The House passed comprehensive legislation addressing barriers with the Commonwealth’s behavioral health care delivery system.
Wednesday, June 22, 2022 – Last Thursday, Representatives Steven Ultrino, Paul Donato, and Kate Lipper-Garabedian voted to pass H.4879, An Act addressing barriers to care for mental health, after a similar version of the legislation passed in the State Senate. The bill addresses longstanding issues with our Commonwealth’s behavioral health care system and places a particular emphasis on acute psychiatric care and crisis response, youth behavioral health initiatives, community-based behavioral health services, investment in workforce retention and development, and enforcement of existing behavioral health parity laws. In the House bill, an amendment filed by Representative Ultrino was adopted into the final version of the legislation with the support of House leadership and the Malden delegation. Amendment 9, Requiring Intermediary Steps Before Exclusion, expands upon the bill’s limitation on the use of suspension and expulsion by requiring administrators to pursue alternatives before resorting to suspension or expulsion in K-12 public schools. The amendment will also outline models of alternative action for school administrators including positive behavioral interventions and trauma-informed approaches, which specifically takes into account students’ mental health and emotional wellbeing when responding to incidents resulting in disciplinary action. Disciplinary action has harsh consequences on students with prior histories of trauma or emotional and behavioral problems, often re-traumatizing students without addressing the root causes of in-school incidents. The adoption of this amendment will help foster supportive and positive school cultures, representing a critical step towards increasing supports for students’ emotional and mental wellbeing in schools. “It is exciting to see this legislation passed and I am especially thankful to Speaker Mariano and my colleagues for the support and guidance on my amendment, which will support the emotional and mental wellbeing of our public school students,” said Representative Steven Ultrino (D-Malden). “The bill addresses key challenges faced by too many across the Commonwealth for simply seeking access to behavioral health care. Many of us have experienced increased anxiety, depression, and other mental and behavioral health issues during the pandemic – this bill is not only timely, but it shows the House's commitment to prioritize behavioral health care and ensure everyone has access to quality mental health services in Massachusetts.” “I’m proud of the legislation that passed through the house, addressing the most pressing barriers to mental health in Medford, Malden and across all of Massachusetts,” said Representative Paul Donato (D-Medford). “The bill includes initiatives such as expanded insurance coverage, school-based behavioral services, workforce investment, and more at a time when it’s never been more critical. I’d also like to thank Chairman Adrian Madaro for his work to get this done.” "Having heard from many constituents, practitioners, and municipal leaders who have been working to support family and friends struggling with mental health challenges, I was proud to vote for this legislation to address barriers to care,” said Representative Kate Lipper-Garabedian (D-Melrose). “The pandemic underscored the importance of access to mental and behavioral health services and resources, particularly among our youth, which this bill enhances.” Other highlights of the final bill include:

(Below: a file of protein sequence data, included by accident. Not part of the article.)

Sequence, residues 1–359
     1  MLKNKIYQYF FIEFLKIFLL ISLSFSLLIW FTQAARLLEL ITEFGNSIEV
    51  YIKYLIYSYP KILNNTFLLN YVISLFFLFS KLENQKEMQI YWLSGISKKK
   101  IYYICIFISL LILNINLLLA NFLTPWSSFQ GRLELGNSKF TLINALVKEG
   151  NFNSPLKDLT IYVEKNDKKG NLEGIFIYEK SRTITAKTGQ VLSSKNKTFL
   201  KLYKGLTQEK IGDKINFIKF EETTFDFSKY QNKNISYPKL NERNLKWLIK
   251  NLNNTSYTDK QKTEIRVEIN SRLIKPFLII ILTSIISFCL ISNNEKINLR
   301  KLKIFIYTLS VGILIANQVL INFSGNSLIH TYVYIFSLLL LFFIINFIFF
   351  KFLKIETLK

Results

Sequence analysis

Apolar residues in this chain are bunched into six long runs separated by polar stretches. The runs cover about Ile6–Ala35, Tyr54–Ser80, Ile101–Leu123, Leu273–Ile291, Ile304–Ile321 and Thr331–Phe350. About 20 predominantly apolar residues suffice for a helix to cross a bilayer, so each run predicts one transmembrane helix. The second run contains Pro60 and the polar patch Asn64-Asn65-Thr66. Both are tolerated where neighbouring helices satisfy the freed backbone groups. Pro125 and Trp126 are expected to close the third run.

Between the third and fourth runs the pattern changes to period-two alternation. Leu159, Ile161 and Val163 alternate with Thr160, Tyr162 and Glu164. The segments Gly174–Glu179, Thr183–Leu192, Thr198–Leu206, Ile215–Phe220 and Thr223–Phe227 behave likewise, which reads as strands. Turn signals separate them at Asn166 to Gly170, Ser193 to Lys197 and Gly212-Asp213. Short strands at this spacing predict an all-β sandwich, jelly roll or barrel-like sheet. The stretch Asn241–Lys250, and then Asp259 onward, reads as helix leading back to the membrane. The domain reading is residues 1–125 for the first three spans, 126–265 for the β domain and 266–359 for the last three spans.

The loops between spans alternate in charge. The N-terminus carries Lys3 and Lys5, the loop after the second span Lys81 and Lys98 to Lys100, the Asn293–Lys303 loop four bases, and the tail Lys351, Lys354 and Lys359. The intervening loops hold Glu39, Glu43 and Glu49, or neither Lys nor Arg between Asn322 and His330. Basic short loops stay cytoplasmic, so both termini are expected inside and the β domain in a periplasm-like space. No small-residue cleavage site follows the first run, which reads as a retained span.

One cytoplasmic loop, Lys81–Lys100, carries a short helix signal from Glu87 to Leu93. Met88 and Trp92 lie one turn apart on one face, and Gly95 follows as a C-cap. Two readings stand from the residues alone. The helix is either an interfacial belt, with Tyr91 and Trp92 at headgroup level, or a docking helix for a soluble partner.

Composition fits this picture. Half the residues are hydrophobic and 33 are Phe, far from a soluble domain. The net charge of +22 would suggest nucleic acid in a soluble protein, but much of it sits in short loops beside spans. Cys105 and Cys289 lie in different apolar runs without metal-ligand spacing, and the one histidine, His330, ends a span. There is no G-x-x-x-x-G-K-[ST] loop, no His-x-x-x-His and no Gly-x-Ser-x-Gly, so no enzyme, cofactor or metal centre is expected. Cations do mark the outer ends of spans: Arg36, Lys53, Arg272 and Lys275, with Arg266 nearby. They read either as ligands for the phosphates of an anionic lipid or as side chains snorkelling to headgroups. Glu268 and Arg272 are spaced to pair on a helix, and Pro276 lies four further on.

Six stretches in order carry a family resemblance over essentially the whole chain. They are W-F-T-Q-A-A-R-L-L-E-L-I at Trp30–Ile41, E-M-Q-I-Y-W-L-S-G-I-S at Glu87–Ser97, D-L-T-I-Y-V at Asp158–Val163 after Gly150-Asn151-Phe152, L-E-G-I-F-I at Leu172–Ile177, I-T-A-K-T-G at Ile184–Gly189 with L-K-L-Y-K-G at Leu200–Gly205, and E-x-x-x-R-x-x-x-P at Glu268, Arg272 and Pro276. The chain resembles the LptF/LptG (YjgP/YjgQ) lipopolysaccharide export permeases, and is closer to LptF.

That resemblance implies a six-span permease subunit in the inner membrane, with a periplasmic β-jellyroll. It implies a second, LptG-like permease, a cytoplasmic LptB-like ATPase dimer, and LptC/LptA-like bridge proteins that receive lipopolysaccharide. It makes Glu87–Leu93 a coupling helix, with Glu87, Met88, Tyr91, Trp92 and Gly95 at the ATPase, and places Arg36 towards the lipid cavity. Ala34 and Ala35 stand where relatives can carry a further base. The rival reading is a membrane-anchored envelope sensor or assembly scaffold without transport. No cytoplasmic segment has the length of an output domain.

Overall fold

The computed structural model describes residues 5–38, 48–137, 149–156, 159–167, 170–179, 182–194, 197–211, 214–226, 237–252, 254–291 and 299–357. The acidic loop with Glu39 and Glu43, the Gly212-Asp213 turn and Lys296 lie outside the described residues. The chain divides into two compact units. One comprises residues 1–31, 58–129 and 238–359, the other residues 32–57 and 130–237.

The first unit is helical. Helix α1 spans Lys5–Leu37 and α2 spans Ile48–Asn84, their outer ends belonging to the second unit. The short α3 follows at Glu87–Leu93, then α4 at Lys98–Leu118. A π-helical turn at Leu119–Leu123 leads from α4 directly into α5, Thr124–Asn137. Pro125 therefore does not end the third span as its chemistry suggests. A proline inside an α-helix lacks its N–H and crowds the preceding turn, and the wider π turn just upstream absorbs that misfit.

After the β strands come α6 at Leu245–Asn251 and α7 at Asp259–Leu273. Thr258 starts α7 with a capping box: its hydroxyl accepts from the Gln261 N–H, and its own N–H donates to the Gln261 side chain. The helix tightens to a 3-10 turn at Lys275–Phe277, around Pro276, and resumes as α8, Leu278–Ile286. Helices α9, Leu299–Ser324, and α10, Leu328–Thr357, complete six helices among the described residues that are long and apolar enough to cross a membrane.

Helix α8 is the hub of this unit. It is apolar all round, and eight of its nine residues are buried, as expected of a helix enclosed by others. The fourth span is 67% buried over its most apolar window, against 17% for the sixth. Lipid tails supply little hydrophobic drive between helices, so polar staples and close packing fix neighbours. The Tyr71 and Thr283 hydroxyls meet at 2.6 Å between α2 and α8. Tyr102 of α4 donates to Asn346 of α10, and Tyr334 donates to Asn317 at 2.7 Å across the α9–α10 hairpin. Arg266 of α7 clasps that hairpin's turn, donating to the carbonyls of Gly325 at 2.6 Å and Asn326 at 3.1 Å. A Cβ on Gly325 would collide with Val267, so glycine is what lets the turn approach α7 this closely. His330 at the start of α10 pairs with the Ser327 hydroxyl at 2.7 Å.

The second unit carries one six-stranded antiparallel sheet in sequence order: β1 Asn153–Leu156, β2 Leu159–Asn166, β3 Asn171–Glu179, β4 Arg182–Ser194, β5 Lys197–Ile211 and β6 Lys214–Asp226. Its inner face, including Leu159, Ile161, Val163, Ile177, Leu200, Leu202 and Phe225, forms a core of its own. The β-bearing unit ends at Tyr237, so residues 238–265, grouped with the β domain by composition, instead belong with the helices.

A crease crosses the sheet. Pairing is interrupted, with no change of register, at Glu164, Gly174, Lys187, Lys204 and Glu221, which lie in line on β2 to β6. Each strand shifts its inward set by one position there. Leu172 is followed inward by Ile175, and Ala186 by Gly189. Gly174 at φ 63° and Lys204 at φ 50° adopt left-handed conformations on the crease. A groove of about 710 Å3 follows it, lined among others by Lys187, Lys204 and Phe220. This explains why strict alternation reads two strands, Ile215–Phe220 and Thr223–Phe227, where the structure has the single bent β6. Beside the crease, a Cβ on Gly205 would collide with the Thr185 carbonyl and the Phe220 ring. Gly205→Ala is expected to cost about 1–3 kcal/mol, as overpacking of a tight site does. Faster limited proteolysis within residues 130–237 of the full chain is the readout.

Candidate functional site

Addresses emergency department boarding of patients seeking mental health & substance use treatment, including the creation of an online portal and codifying expedited inpatient admissions for youth patients
Increase behavioral health care access by implementing the nationwide 988 hotline to access 24/7 suicide prevention and behavioral health crisis services
Initiating a public awareness campaign on Red Flag Laws and Extreme Risk Protection Orders (ERPOs) which limits access to guns for people at risk of hurting themselves and others
Funds and creates a statewide program to help schools implement school-based behavioral health services
Requires the DCF to evaluate each child entering foster care for behavioral health concerns, referring them to the services they need
Invests in expanding and diversifying the behavioral health workforce by offering grants and a scholarship program
Requires pediatricians to perform Post-Partum Depression screenings of mothers of newborns at all visits occurring in the infants first year of life
H.4879 passed unanimously with a vote of 155-0. The legislation will now move back to the Senate for further consideration.
For more information please contact:
Claudia Chung, Legislative Aide